“Unless a grain of wheat falls into the earth and dies, it remains alone; but if it dies, it bears much fruit.” – John 12:24
“The last enemy to be destroyed is death...Death is swallowed up in victory.” – 1 Corinthians 15:26, 54
"The greater the sin, the greater the mercy, the deeper the death and the brighter the rebirth.” - C. S. Lewis
"This story...has the very taste of primary truth." - J. R. R. Tolkien

Wednesday, February 4, 2009

The Weight of Sin

We have come to the point of identifying the cross as the place where God’s victory was won, which was made complete in the Great Eucatastrophe of the Resurrection. Death and Rebirth, wrote Lewis, is “the very formula of reality,” and thus “in the mystery of Death the secret of secrets lies hid” (Miracles ch. 14). It is into the “mystery” and “secret” of the cross that I want to dig deeper in the next few posts. In order to understand more fully the deep riches of the Gospel and the beauty of God’s victory, it is helpful to consider what the situation was, and what was at stake, when Christ went to the cross. Let’s consider three questions:

1. Who were we – each individual and all of humanity – in relation to our Mediator Jesus Christ, God the Son, and who was Christ in relation to us?
2. How did the Christ’s death and resurrection change this?
3. What was Christ’s relation to God the Father? What happened within the Trinity when Christ died on the cross?
Let’s tackle the first question first. Who are we in relation to Christ in particular, and to the Triune God in general? We are God’s creatures, he is our Creator. We bear his image and are reflections of the One who is prime and original. But we fell. Each of us can say truly of ourselves: “I am his offender and debtor. I am a sinner against him – I am a criminal. He, God, is the victim of my horrific crimes. In breaking his perfect law I insulted him and defied him. I raised my fist in his face and set myself on high. I nailed his hands to the cross. I killed him. I joined the rest of humanity to slay the Son of God.” Each day we may wake and eat and live our lives, driving to work or watching TV or talking to friends, but this greater reality cannot be ignored. We are murderers. We are the killers of God. How did we kill God? We sinned, and the just wages of sin are death (Romans 3:23) – wages that could only be paid and a death that could only be defeated by the suffering and death of God himself.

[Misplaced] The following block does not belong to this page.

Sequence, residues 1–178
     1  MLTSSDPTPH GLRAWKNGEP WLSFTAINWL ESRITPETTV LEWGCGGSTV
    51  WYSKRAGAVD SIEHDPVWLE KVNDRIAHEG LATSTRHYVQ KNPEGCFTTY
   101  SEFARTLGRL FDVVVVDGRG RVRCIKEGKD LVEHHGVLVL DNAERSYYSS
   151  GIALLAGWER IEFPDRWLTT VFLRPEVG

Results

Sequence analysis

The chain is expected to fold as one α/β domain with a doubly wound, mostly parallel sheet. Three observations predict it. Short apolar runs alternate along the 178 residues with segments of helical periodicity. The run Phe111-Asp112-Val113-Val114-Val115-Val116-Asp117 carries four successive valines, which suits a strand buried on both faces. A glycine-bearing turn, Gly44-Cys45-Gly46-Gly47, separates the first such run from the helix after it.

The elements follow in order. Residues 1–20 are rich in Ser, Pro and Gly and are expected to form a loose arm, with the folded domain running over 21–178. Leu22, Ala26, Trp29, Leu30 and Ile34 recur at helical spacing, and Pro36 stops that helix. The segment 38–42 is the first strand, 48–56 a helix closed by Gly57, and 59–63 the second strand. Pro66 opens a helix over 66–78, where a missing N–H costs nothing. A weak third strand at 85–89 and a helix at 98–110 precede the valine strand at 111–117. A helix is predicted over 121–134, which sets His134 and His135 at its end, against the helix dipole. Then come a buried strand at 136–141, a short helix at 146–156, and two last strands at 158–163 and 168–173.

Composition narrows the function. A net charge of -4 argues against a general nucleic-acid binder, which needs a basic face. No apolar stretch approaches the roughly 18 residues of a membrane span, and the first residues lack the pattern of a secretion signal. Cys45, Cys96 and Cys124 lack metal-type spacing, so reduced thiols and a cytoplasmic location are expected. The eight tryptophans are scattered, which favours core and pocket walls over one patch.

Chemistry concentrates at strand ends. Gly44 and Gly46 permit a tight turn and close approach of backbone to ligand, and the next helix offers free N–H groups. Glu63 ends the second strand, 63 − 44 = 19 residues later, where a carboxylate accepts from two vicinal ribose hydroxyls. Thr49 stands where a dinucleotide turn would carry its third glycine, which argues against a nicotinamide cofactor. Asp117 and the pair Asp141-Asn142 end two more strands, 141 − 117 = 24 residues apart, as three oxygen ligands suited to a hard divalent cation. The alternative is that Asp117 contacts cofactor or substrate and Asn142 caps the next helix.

Could we ourselves have paid these wages to earn our way back to God? No. Offense against an infinitely holy God is an infinite crime, and thus could be atoned for only by eternal punishment (hell) for sinners, or through God himself, the infinitely worthy One against whom we sinned, paying the wages. The first of these options offers no salvation or redemption, and the love of God would not allow for universal eternal hell for his creatures. Furthermore, choosing to sin and reject God bound us to all the effects of sin (particularly death) and trapped us in a state of depravity from which we could not possible earn our way back to God (Romans 8:3,7-8; 3:10-12, Ephesians 2:1-3, 1 Corinthians 2:14, John 3:19, 8:34, Jeremiah 17:9). Only a perfect person could die to sin perfectly (see C. S. Lewis, Mere Christianity, pp. 59-60), and only God himself could be a perfect person. God alone, then, could bring us back to God.

This is where we stood in relation to God – we had a debt to pay that God, being just, would not ignore. Because sin is against an infinitely worthy God, it is an infinite crime. It would not be just for God, and thus not in his character (God defines justice), to simply ignore our sin and bring us into his presence. In not punishing sin, the one dishonored by the sin (God) would be treated as unworthy, but God treats all things according to their value, including himself – he who is of the greatest value and worth. Offense against a holy and just God must be given its proper weight, and to see the full magnitude of sin we must look at the cross, which is the product of God’s justice along with his love.

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